The Curse of the Professional

Being a professional is not the finish line.
At best it’s a stepping stone.
At worst it’s a dead end.

I once had a conversation with a friend who was a photographer. He’d spent a long time studying all the technical aspects of photography and working on his skills. Gradually attempting to lift the standard of his work.

One night, we had a couple of beers, he showed me some photographs and asked me to tell him what I thought. 

My honest response was this: “They look like they were taken by a professional photographer.”

But what does that mean?

Economically, it means you can charge the going rate. It means that what’s been created is a commodity of sorts. 

It could’ve been taken by any faceless professional. That doesn’t mean they’re bad shots, that just means they meet spec.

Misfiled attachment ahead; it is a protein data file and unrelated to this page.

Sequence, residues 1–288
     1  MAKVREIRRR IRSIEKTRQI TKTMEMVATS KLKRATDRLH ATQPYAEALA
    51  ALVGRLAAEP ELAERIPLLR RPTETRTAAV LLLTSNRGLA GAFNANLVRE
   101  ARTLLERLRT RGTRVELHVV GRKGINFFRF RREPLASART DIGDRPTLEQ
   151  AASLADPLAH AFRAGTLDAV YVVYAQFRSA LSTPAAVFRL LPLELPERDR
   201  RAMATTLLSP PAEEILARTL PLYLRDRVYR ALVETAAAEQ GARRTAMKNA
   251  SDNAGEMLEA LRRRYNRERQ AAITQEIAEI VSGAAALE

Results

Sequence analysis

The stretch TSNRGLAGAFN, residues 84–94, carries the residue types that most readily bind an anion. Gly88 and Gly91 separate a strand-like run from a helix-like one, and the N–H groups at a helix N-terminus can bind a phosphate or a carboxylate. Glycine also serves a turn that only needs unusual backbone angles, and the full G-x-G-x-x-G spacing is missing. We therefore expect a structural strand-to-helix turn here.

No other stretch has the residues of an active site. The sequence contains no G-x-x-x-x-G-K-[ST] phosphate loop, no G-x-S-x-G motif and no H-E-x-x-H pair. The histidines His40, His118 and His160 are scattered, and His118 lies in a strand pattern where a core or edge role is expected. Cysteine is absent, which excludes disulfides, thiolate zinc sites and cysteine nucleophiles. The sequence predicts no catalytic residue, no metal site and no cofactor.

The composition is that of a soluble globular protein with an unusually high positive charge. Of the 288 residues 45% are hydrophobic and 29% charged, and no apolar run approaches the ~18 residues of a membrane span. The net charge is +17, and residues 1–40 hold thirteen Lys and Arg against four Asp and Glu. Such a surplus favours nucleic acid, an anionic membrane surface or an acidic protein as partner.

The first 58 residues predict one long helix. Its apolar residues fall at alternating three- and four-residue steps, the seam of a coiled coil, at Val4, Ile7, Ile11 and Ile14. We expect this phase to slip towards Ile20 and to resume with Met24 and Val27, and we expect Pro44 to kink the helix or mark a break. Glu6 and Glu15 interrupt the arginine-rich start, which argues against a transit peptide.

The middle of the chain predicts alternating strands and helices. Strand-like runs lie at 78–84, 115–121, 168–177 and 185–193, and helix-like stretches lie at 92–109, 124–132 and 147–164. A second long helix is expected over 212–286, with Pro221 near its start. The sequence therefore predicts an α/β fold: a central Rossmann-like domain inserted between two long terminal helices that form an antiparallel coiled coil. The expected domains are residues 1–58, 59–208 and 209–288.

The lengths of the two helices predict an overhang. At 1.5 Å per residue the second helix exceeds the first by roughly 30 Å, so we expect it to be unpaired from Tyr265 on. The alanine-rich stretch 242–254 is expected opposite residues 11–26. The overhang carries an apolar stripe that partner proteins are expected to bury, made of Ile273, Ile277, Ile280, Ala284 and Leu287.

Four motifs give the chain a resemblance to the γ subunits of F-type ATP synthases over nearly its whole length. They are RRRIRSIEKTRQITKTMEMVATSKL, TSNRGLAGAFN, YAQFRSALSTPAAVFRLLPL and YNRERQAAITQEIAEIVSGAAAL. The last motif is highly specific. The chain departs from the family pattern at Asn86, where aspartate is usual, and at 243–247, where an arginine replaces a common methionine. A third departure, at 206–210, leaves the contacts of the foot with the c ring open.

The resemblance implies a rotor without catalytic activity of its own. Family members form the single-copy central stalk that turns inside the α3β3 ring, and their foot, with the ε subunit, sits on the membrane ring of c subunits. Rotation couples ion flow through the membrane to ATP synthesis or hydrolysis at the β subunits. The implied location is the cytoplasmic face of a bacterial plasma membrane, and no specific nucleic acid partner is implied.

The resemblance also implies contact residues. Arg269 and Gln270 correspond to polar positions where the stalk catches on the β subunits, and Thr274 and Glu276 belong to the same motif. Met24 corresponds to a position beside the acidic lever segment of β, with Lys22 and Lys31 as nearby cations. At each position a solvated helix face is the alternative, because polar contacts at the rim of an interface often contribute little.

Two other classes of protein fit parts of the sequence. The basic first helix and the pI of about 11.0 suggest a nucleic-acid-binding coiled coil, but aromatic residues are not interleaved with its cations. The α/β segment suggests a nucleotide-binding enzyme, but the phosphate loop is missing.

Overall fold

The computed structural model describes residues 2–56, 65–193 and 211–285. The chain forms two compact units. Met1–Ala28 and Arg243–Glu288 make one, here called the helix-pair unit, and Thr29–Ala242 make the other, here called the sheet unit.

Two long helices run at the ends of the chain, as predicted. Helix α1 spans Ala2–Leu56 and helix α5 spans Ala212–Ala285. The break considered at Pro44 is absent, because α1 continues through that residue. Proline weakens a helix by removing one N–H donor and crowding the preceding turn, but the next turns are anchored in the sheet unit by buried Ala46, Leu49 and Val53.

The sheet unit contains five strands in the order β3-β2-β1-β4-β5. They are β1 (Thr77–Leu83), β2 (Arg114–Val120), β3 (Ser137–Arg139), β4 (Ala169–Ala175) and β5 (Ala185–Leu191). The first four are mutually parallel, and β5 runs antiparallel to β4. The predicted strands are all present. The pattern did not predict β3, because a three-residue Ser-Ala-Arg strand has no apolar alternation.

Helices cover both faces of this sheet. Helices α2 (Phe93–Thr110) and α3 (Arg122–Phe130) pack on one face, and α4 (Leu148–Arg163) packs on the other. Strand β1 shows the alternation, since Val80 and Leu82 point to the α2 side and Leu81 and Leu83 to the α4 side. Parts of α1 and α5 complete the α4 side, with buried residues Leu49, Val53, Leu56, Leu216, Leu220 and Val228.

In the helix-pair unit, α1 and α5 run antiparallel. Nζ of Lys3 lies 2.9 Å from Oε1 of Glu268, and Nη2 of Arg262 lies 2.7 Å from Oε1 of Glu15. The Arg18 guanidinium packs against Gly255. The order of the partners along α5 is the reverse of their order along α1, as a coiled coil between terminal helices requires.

To go beyond that, to break out of that zone and into the next eschelon a transition needs to take place. You need to become an artist.

Professionals play well within the boundaries of a brief.
An Artist plays with the boundaries of a brief.

Professionals think about what the client wants.
Artists think about what the audience wants.

A professional can charge the going rate.
An artist commands their own rate, providing they’re good enough.

It may have sounded harsh, but my intent was to motivate him to make the leap to the next level. He didn’t need to earn money from his photography,
it was a passion project on the side.

My advice was this: the only way to go from selling a photo for $50 to selling it for $5000 is if it goes from looking like it could’ve been shot by anyone, to being unmistakable that it was shot by you.

That takes perspective, a philosophy and a commitment to cultivating a style of work, a brand so to speak.

And that’s how you break the curse of the professional.

Mike Drysdale

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